Stan Grodynski (Letters, 21 September) claims that 300 years of the Union have rendered Scotland an “economic basket case”.
This is rather at variance with the opinion of the Scottish Government, surely no lover of the Union, which states on its official website (State of the Economy, August 2015): “The Scottish economy has had its longest period of uninterrupted growth since 2001.”
It also says that employment is “now hovering around record levels”; that there has been “a pick up in productivity growth and rising real wages” and that “forecasts expect growth in the economy to be around 2.4 per cent in 2015”.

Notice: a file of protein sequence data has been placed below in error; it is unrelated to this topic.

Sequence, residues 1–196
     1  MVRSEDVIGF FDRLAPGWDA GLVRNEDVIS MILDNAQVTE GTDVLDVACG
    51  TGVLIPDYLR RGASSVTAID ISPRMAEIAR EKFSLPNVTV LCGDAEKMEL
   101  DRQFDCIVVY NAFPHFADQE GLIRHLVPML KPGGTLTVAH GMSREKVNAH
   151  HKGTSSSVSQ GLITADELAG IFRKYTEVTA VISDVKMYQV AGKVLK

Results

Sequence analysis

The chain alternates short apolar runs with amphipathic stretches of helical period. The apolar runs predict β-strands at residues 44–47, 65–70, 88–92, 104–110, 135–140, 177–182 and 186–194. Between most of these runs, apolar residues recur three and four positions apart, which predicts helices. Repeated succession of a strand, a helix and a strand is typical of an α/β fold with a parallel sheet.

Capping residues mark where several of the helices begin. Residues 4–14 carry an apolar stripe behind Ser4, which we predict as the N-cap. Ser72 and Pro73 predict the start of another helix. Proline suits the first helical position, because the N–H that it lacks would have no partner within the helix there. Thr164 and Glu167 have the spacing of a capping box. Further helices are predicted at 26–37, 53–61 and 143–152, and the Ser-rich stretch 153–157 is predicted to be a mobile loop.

This hardly sounds like an economic basket case.
One could argue that the current economic success described by the Scottish Government is a result of the Union and not in spite of it. Perhaps we do have rather more to lose if we lose the “chains” of the Union (to paraphrase Karl Marx).
Would such an economic Nirvana be heralded in by the shattering of these oppressive links that the current situation would indeed, by comparison, seem an “economic basket case”?